My take on it, and why i still have hope in Twitter conversations
I thought of a way of translating this in the most human-friendly terms possible (as semantics are important) by using an existing "virtual" currency as reference.
Given Bitcoin is value-less because of how it is virtual and infinitely divisible, how do virtual PayPal or Venmo euros/dollars we see in our balance any better? They are phisically backed by a real, solid, euro/dollar. No coins smaller than 1 cent are ever issued - you simply cannot go lower.
How can a piece of metal achieve a property which seems so impossible to maintain in a cryptocurrency?
The central authority which issues the coins has control over how much we can divide our money. The smallest amount is, theoretically fixed and pegged to a certain quantity of metal and if you try and do otherwise, you'll get stopped and/or put in jail.
In Bitcoin, there is no central authority. There are people, which, represented by a full-node, participate in reaching a social-consensus. Said consensus has no barriers nor entry fees, it is open to all by default, and is most effective when as many people as possible participate. This consensus is used to agree on, or validate, the existing Bitcoin chain, in all aspects; this also includes protocol-defined minimum amounts.
If 1 satoshi (the smallest amount of Bitcoin currency available right now) can be compared to 1 cent (the smallest amount of Euro currency available right now), my full Bitcoin node doesn't accept any value less than 1 satoshi in any block or transaction it receives, the same way no commercial entity will accept a physical cent cut in half - this is something which would break social consensus (when using Bitcoin) or local laws (when using Euros).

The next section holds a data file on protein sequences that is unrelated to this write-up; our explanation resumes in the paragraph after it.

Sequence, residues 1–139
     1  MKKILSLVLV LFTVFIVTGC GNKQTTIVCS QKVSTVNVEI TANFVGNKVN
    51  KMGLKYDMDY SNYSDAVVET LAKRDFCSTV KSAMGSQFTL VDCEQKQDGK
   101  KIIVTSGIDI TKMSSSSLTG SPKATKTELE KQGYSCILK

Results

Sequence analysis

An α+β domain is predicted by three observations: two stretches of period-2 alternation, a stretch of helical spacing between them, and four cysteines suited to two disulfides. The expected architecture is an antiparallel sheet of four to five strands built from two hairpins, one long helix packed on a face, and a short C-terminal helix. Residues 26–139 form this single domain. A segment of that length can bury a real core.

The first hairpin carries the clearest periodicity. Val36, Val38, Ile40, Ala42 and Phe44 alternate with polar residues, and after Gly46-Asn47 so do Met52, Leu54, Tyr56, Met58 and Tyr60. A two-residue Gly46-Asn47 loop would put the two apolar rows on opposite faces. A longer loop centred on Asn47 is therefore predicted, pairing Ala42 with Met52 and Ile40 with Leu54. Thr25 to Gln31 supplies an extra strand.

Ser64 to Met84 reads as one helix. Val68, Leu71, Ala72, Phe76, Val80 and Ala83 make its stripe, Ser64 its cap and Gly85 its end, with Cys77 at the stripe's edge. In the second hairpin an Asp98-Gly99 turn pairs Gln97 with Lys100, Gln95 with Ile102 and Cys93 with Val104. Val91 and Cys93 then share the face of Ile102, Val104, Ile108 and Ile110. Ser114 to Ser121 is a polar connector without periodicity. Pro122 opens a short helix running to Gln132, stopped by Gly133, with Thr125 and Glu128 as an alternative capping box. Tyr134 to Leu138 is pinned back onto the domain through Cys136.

As any rational person, Frances agreed - the whole value of the Bitcoin network, the answers to all problems it may find in time, and how it plans on expanding, all depend on a single, key component: social consensus.
I felt fortunate for being able to hold an educated conversation with her while the whole cryptocurrency Twitter was attacking her. I felt ashamed for how the community I most enjoyed and which I thought could represent me just drowned in rage in insults. I can't stress how important debating and conversing is fundamental and how little it is actually done, especially online. Although that deserves its own blog post.
Frances gave all us Bitcoiners a very valuable lesson today:
Run your OWN nodes!
Seriously, do it. Nobody else can do it for you. The gift of Satoshi was creating a path for removing third parties and becoming our own central authorities, through node-enabled social consensus. Don't let anyone ever take that away from you.
Instead, I received a very tough lesson on how people can behave in strange ways on Twitter. People who received Stripe grants for Bitcoin development, like Justin Moon, core developers and other people heavily involved in the Bitcoin and cryptocurrency community blocked me for having a rational argument with a "dissident" of the Bitcoin cult.
As a person who personally doesn't value religions, I reject such an idea, and hope that the Bitcoin community can slowly move to a more open to discussion and less extremist position in time.
I thank Frances Coppola for all her research, thought, and posts, as if it weren't for her none of this would be here.